Grab Taxi Holdings, the Singapore ride-hailing company and Uber Technologies’ largest rival in Southeast Asia, is in the processing of raising $2 billion in venture capital (VC) funding.
According to a news report in The Wall Street Journal late last week, the paper cited people familiar with the matter as saying that the $2 billion is coming from Japan’s SoftBank and Didi Chuxing Technology, the Chinese ridesharing company. The deal is expected to happen in the next few weeks.
With the cash infusion, Grab would gain a market value greater than $5 billion, noted the Wall Street Journal. “We will not be commenting on any market rumors or speculation,” a Grab spokeswoman said in the report. SoftBank and Didi spokespeople also declined to comment. Grab’s past investors include GGV Capital and Chinese investment fund Hillhouse Capital Group. In 2016, the company raised $750 million in a round of VC funding that SoftBank led.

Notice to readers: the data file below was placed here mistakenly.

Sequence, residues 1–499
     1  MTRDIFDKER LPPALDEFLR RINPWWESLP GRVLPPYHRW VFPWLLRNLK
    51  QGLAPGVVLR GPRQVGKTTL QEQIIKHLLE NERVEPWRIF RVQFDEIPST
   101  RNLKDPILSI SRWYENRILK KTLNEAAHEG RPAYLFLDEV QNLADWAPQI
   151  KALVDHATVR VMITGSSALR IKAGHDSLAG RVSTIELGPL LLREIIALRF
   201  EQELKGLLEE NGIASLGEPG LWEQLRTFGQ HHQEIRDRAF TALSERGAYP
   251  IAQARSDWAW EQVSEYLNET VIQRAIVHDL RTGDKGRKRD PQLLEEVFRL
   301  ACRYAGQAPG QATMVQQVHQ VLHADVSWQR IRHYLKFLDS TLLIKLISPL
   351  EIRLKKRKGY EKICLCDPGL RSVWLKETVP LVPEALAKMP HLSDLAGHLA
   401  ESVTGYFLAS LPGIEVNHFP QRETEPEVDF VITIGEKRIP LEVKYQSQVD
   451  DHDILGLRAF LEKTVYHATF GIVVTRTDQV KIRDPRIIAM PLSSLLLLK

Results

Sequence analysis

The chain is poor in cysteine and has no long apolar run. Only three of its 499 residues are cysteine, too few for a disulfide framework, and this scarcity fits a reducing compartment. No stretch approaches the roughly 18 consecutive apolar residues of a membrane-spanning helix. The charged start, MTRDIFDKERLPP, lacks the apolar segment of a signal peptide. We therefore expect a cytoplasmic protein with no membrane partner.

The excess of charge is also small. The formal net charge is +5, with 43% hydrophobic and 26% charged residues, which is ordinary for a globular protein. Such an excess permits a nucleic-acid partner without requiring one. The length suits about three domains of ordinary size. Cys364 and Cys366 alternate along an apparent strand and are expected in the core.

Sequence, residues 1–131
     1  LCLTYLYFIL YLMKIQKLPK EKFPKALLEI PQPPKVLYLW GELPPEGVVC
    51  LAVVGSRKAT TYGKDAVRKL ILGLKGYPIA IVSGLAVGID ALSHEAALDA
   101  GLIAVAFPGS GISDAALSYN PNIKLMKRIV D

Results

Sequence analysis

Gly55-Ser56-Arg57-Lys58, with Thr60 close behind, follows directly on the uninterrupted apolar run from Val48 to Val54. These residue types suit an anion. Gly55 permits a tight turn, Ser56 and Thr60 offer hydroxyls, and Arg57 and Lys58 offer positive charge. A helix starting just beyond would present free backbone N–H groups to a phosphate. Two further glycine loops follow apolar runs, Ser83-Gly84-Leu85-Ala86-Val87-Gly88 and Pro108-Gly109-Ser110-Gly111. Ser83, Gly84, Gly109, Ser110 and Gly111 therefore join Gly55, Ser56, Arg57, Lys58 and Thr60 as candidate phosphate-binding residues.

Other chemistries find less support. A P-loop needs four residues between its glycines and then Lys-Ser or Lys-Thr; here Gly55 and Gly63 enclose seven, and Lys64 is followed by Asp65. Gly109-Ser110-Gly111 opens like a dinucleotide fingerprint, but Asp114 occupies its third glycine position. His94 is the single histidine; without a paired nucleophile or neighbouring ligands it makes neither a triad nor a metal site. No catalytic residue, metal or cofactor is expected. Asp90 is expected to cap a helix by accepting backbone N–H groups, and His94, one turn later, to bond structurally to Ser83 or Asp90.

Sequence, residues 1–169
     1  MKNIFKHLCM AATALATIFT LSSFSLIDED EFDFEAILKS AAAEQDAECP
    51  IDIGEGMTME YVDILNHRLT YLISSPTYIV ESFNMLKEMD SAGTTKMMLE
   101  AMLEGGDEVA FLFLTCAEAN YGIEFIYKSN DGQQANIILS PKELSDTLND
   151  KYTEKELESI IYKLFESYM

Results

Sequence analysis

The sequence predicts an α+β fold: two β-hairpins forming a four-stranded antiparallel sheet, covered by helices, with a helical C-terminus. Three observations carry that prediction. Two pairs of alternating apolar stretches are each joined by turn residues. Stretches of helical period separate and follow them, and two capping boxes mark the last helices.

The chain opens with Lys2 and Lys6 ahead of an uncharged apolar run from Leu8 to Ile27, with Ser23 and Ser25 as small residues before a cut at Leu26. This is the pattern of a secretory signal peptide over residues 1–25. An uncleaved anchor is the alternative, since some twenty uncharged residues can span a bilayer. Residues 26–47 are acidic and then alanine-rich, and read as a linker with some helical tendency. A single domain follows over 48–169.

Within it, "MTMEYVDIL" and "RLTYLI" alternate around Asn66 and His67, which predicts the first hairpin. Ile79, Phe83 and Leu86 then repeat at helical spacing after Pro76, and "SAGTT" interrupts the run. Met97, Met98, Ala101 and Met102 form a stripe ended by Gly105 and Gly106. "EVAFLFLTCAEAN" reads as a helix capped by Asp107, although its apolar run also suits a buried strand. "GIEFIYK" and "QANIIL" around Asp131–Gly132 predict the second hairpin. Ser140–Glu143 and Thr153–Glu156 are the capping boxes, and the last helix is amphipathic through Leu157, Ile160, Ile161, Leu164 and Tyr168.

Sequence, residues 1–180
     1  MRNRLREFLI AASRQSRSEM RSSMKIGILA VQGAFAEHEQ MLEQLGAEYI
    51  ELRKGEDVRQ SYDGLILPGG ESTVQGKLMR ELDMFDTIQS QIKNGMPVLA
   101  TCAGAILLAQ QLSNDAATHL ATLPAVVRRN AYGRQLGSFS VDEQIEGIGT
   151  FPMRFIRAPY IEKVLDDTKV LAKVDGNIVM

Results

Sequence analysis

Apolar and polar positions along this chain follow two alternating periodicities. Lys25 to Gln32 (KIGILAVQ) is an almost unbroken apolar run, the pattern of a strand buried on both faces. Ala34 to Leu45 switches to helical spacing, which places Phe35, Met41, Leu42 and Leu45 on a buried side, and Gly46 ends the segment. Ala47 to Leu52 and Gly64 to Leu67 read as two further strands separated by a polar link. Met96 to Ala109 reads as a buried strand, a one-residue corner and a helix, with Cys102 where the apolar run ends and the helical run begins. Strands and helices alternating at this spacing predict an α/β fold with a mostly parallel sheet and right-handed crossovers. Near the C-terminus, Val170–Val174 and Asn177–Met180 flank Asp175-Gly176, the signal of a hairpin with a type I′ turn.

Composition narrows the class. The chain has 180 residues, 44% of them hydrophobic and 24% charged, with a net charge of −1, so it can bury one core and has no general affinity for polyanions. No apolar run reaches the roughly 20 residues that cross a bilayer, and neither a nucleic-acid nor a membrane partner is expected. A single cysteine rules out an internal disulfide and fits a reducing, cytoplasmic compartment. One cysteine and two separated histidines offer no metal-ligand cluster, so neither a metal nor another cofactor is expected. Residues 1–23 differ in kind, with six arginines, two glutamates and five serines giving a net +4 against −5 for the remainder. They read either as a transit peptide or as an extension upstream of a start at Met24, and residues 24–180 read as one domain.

While Uber is the most well-known ridesharing app in Southeast Asia, Grab’s app is more popular in many markets, noted the report, citing App Annie, a mobile app analytics firm.
But Uber and Grab are not the only carsharing companies operating in Southeast Asia. There are a lot of local competitors, including GoJerk, which is in Indonesia and focuses on motorcycle taxis. It has recently branched into food, package deliveries, cleaning services and other things.
The venture capital funding for Grab comes at a time when Uber is facing a lot of challenges, largely with the corporate culture at the company. Late last month CEO and Co-Founder Travis Kalanick officially resigned his position as head of the company. The move follows a grueling six-month journey for Uber marked by scandal after scandal and high-profile exits from the firm. Kalanick’s resignation reportedly came at the behest of investors as the firm attempts to rehabilitate its image and clean up the “bro culture” with which its name has basically become synonymous.